Sterling Bank v. Herrod et al

Filing 36

OPINION. Signed by Honorable Judge Myron H. Thompson on 2/19/16. (djy, )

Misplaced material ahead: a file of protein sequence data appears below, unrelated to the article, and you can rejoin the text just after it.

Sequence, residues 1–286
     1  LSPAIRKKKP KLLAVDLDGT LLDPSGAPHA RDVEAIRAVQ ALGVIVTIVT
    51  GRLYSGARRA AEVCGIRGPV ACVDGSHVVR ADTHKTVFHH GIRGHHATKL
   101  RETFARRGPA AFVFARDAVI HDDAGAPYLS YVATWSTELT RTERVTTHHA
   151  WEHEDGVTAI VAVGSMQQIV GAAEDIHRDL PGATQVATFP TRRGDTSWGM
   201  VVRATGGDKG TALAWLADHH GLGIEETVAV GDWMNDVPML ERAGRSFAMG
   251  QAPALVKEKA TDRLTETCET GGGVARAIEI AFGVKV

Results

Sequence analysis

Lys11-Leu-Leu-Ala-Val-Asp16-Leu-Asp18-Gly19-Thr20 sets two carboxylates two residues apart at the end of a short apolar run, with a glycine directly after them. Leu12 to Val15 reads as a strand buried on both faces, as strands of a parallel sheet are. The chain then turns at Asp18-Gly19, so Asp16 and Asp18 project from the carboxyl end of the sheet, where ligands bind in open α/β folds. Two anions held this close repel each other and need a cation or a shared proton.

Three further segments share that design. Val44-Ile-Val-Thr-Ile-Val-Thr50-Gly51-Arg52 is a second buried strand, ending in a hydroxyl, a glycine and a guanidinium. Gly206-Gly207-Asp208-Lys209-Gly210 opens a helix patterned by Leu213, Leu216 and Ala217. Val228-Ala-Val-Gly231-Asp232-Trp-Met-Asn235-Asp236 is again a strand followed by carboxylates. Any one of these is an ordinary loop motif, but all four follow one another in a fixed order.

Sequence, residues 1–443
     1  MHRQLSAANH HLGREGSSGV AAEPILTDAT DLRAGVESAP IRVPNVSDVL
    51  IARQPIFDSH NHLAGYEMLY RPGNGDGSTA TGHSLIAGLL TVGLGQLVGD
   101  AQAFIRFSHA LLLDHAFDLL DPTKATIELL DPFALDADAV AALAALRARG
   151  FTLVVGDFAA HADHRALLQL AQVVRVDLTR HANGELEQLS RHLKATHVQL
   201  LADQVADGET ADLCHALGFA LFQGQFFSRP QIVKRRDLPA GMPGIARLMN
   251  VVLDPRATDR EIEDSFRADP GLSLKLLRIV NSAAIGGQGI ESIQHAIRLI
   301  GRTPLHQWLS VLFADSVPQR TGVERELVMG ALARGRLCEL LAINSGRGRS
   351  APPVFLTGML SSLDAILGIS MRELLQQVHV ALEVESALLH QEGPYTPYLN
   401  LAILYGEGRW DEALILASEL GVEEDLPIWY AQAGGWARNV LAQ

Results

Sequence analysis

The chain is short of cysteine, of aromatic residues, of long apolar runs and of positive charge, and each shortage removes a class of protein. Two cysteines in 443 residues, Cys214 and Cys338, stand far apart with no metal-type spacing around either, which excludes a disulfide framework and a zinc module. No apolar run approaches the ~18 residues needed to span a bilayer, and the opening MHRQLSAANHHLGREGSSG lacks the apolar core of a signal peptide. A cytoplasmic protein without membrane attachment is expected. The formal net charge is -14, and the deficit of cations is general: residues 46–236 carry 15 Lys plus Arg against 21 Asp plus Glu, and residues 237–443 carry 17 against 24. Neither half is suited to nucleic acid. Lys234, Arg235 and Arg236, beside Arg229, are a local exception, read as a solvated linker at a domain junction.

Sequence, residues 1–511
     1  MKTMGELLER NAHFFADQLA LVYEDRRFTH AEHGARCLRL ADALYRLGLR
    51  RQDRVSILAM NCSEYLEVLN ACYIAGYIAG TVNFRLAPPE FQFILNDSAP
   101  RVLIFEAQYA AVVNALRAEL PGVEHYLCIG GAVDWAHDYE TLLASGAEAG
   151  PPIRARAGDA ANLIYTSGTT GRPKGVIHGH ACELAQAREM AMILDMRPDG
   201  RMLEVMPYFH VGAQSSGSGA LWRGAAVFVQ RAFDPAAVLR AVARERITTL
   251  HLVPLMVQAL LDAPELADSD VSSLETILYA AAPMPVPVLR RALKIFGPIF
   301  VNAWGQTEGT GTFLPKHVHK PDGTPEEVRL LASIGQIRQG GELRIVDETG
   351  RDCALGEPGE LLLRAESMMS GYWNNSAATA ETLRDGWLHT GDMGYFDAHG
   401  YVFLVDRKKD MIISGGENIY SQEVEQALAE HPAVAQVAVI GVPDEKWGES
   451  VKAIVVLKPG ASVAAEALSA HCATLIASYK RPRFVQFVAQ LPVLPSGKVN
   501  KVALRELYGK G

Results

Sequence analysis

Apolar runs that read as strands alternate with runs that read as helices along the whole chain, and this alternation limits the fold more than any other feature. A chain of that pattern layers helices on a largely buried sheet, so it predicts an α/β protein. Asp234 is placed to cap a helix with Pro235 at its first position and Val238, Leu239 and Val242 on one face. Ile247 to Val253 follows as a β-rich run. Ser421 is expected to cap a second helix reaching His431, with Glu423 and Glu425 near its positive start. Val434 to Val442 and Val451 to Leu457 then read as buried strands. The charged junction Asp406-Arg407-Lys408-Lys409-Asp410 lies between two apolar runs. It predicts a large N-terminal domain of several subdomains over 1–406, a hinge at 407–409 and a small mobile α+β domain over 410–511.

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IN THE DISTRICT COURT OF THE UNITED STATES FOR THE MIDDLE DISTRICT OF ALABAMA, NORTHERN DIVISION STERLING BANK, a Division ) of Synovus Bank, a Georgia ) banking corporation, ) ) Plaintiff, ) ) v. ) ) JOSEPH L. HERROD, an ) individual, BROBST ) MEDICAL, INC., an Alabama ) corporation, and ) CHANDLER & ALECIA, INC., ) an Alabama corporation, ) ) Defendants. ) CIVIL ACTION NO. 2:15cv540-MHT (WO) OPINION This is the first of two opinions. Plaintiff Sterling Bank, a division of Synovus Bank, filed this lawsuit against defendants Joseph L. Herrod, Brobst Medical, Inc., and Chandler & Alecia, Inc., bringing multiple state-law claims arising from the defendants’ alleged breach of agreements to guarantee payment of various debts of two medical practices. Jurisdiction is proper pursuant to 28 U.S.C. § 1332 (diversity). This lawsuit is now before the court on Sterling Bank’s motion for summary judgment against defendant Herrod. For the reasons below, the motion will be granted. I. LEGAL STANDARD “A party may move for summary judgment, identifying each claim or defense--or the part of each claim or defense--on which summary judgment is sought. The court shall grant summary judgment if the movant shows that there is no genuine dispute as to any material fact and the movant is entitled to judgment as a matter of law.” Fed. R. Civ. P. 56(a). The court must view the admissible evidence in the light most favorable to the non-moving party and draw all reasonable inferences in favor of that party. Matsushita Elec. Indus. Co. v. Zenith Radio Corp., 475 U.S. 574, 587 (1986). II. BACKGROUND The facts, taken in the light most favorable to Herrod, are as follows. The claims against him stem from agreements he entered to guarantee the debts of 2 two entities: PriMed Physicians, Inc. and Central Alabama Primary Care Specialists, LLLP. In 2012, agreement obtained PriMed with a executed Sterling loan from a and, Bank the Visa in bank in credit-card early the 2015, amount of $ 838,900.00. In 2014, Herrod executed a guaranty agreement by which he “guarantee[d] performance of each to and Lender every the debt, payment and liability and obligation of every type and description which [PriMed] may now or at any time hereafter owe to Lender . . . (whether such debt, liability or obligation now exists or is hereafter created or incurred, and whether it is or may be direct or indirect, due or to become due, absolute or contingent, primary or secondary, liquidated or unliquidated, or joint, several, or joint and several . . .).” at 11. PriMed Guaranty (doc. no. 25-1) The guaranty states that Herrod “will pay or reimburse Lender for all costs and expenses (including reasonable attorneys' fees and legal expenses) incurred by Lender in connection with the protection, defense or 3 enforcement of this guaranty in any further provides interest.” In That Herrod is It liable for “accrued Id. 2014, Sterling that or Id. at 12. bankruptcy or insolvency proceedings.” litigation Central Bank same Alabama in face the year, Herrod obtained amount executed of a a loan from $ 1,250,000.00. guaranty for the debts of Central Alabama, in which he “guarantee[d] to Lender the payment and performance of each and every debt, liability description hereafter and which owe to obligation Borrower may Lender.” (doc. no. 25-2) at 7. of now Central every type and or any time at Alabama Guaranty The guaranty also requires him to pay accrued interest and to “pay or reimburse Lender for all costs and expenses (including reasonable attorneys’ fees and legal expenses) incurred by Lender in connection enforcement of with this the protection, guaranty in any bankruptcy or insolvency proceedings.” PriMed credit-card has failed debt and to remit note, 4 full which defense or litigation or Id. at 7-8. payment are of past its due. Further, PriMed is in default on its note with Sterling Bank. Under the terms of PriMed’s note, default is established when the borrower “become[s] insolvent” or when the debt comes due and is not paid. (doc. no. 25-1) at 5. PriMed Note The note has come due, but PriMed has not paid its obligations to Sterling Bank under the note; also, PriMed has filed a Chapter 7 bankruptcy petition. Thus, under the terms of its note with Sterling Bank, PriMed is in default. Under the terms of its note with Sterling Bank, Central Alabama is in default because its debts have come due and it has not paid its obligations to Sterling Bank and, also, because it has petitioned for Chapter 7 bankruptcy and is insolvent. Note (doc. no. 25-2) at 3. Central Alabama Under the terms of its note, Central Alabama is in default of its obligation to Sterling Bank. Herrod has not paid Sterling Bank the money owed by PriMed or Central Alabama, and the debts have not been otherwise paid. 5 III. ANALYSIS Sterling Bank moved for summary judgment against Herrod on November 17, 2015, on its claims that he has breached the guaranty agreements. The court directed Herrod, who is pro se, to respond to the motion by December 16, 2015. In that order, the court explained the requirements for responses to motions for summary judgment under Federal Rule of Civil Procedure 56 and warned that, “Failure to follow the requirements of Rule 56 and this order regarding the proper way to oppose a motion for summary judgment may result in the court granting the motion and entering final judgment in favor of the moving party without there being a trial.” respond. judgment, Order (doc. no. 33) at 4. Nevertheless, the court on must a Herrod did not motion determine for whether summary Sterling Bank has shown that it is entitled to judgment as a matter of law. See Fed. R. Civ. P. 56. A federal court sitting in diversity must apply the choice-of-law rules of the jurisdiction in which it sits. See, e.g., Manuel v. Convergys Corp., 430 F.3d 6 1132, 1139 (11th Cir. 2005); Boardman Petroleum, Inc. v. Federated Mut. Ins. Co., 135 F.3d 750, 752 (11th Cir. 1998). Thus, choice-of-law rules. this court must apply Alabama “Alabama follows the principle of ‘lex loci contractus,’ which states that a contract is governed by the laws of the state where it is made except where the parties have legally contracted with reference to the laws of another jurisdiction. Alabama law has long recognized the right of parties to an agreement to choose a particular state's laws to govern an agreement.” Cherry, Bekaert & Holland v. Brown, 582 So. 2d 502, 506 (Ala. 1991) (citations omitted). Both guaranty agreements contain a provision that the agreement “shall be governed by the laws of the State where the Lender is located.” PriMed Guaranty (doc. no. 25-1) at 14; Central Alabama Guaranty (doc. no. 25-2) at 10. Sterling Bank and Synovus Bank are located in Georgia, see First Amended Complaint (doc. no. 6) at 1, so Georgia breach-of-contract law applies. “The elements for a breach of contract claim in Georgia are the (1) breach 7 and the (2) resultant damages (3) to the party who has the right to complain about the contract being broken.” Norton v. Budget Rent A Car Sys., Inc., 705 S.E.2d 305, 306 (Ct. App. Ga. 2010) (citation omitted). shows duly that the executed promissory by the “Where . . . the record notes debtors and and guarantees that they were are in default, a prima facie right to judgment as a matter of law [i]s established, and the burden shift[s] to [the debtor or guarantor] to produce or point to evidence in the record which establishe[s] an affirmative defense.” Secured Realty Inv. v. Bank of N. Georgia, 725 S.E.2d 336, 338 (Ct. App. Ga. 2012). As Sterling described Bank in has executed agreements PriMed’s note Alabama’s note. and the background submitted with evidence Sterling credit-card section Bank agreement that to above, Herrod guarantee and Central The evidence also establishes a breach of the agreements because PriMed’s credit card is past due, both Primed and Central Alabama are in default on their notes, and Herrod has not paid off their debts. 8 Further, Sterling Bank has established the amount of damages by affidavit. David Hammond, Synovus,” attests: of a “Senior which “As of Regarding the PriMed note, Special Sterling November 6, Assets Bank is 2015, Officer a each for division, of the guarantors was obligated to Sterling Bank regarding the PriMed Note in the principal amount of $ 783,295.96, plus accrued interest of $ 17,835.38, and late fees of $ 500.00, further for a obligated total to of $ 801,631.34. Sterling Bank for They per are diem interest going forward from November 7, 2015 in the amount of $ 92.47 per day, plus attorneys' fees and costs.” Hammond Affidavit (doc. no. 25-2), at 12, 15. As to the PriMed credit-card agreement, Hammond states: “As of November 5, 2015, each of the guarantors was obligated to Sterling Bank regarding the PriMed Credit Card Agreement in the amount of $ 5,457.49. They are further obligated to Sterling Bank for attorneys' fees and costs.” Id. at 16. Finally, as to the Central Alabama note, Hammond states: “[A]s of November 6, 2015, Joseph L. Herrod was obligated to Sterling Bank 9 in the principal amount of not less than $ 1,162,192.06, plus accrued interest of $ 16,679.72, and late fees $ 1,180,371.78. of $ 1,500.00, for a total of He was further obligated to Sterling Bank for per diem interest going forward from November 7, 2015[,] in the amount of $ 137.85, plus reasonable attorneys' fees and costs.” Also submitted in Id., at 17. support of the motion is an affidavit from Rodney E. Nolen, an Alabama attorney who primarily practices in the areas of commercial collections and commercial litigation and has been a “Certified years. Creditor Rights Specialist” for over Nolen Affidavit (doc. no. 25-4) at 8. 20 Nolen sets forth that Herrod’s guarantor agreements require him to expenses “pay or reimburse (including Lender reasonable for all costs and attorneys' fees and legal expenses) incurred by Lender in connection with the protection, defense or enforcement of this guaranty in any litigation proceedings.” criteria set Id. forth or at in bankruptcy or 9-10. After Johnson v. 10 insolvency reviewing Georgia the Highway Express, Inc., attests that, collection 488 F.2d “Based of 714 (5th upon Cir. [his] delinquent 1974), Nolen experience commercial in loans and debts, . . . attorneys' fees of $ 40,081.57, which is equal to 5 % of the $ 801,631.34 debt owed on the PriMed Note (as guaranteed by the Defendants herein), [and] attorneys' fees of $ 272.87, which is equal to 5 % of the $ 5,457.49 debt owed on the PriMed Credit Card Agreement, and attorneys' fees of $ 59,018.59, which is equal to 5 % of the $ 1,180,371.78 debt owed on the Central Alabama Note, reasonable in this matter.” [are] appropriate and Id. at 13-14. Having submitted evidence sufficient to show breach of Herrod’s guaranty agreements and the amount of damages stemming from those breaches, Sterling Bank has established that it is entitled to judgment as a matter of law. Herrod has failed to respond in any way. Having reviewed the record, the court sees no basis for an affirmative defense. Accordingly, the motion for summary judgment will be granted. 11 An appropriate judgment will be entered. DONE, this the 19th day of February, 2016. /s/ Myron H. Thompson____ UNITED STATES DISTRICT JUDGE